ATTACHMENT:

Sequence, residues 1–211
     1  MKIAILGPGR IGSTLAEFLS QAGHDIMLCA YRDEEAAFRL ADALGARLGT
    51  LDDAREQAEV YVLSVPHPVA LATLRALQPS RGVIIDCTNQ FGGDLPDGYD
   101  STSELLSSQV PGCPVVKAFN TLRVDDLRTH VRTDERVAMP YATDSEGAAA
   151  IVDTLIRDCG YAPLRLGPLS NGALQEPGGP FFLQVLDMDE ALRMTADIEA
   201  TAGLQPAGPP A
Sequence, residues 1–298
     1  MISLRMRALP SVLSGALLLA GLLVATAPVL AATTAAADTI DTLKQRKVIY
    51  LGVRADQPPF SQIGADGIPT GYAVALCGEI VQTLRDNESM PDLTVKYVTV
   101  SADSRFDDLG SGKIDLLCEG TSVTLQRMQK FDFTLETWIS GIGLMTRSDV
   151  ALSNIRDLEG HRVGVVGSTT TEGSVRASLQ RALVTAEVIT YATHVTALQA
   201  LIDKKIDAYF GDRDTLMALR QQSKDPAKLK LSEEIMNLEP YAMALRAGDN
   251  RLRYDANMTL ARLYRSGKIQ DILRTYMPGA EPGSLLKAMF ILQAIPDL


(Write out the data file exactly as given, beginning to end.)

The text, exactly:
Sequence, residues 1–211
     1  MKIAILGPGR IGSTLAEFLS QAGHDIMLCA YRDEEAAFRL ADALGARLGT
    51  LDDAREQAEV YVLSVPHPVA LATLRALQPS RGVIIDCTNQ FGGDLPDGYD
   101  STSELLSSQV PGCPVVKAFN TLRVDDLRTH VRTDERVAMP YATDSEGAAA
   151  IVDTLIRDCG YAPLRLGPLS NGALQEPGGP FFLQVLDMDE ALRMTADIEA
   201  TAGLQPAGPP A
Sequence, residues 1–298
     1  MISLRMRALP SVLSGALLLA GLLVATAPVL AATTAAADTI DTLKQRKVIY
    51  LGVRADQPPF SQIGADGIPT GYAVALCGEI VQTLRDNESM PDLTVKYVTV
   101  SADSRFDDLG SGKIDLLCEG TSVTLQRMQK FDFTLETWIS GIGLMTRSDV
   151  ALSNIRDLEG HRVGVVGSTT TEGSVRASLQ RALVTAEVIT YATHVTALQA
   201  LIDKKIDAYF GDRDTLMALR QQSKDPAKLK LSEEIMNLEP YAMALRAGDN
   251  RLRYDANMTL ARLYRSGKIQ DILRTYMPGA EPGSLLKAMF ILQAIPDL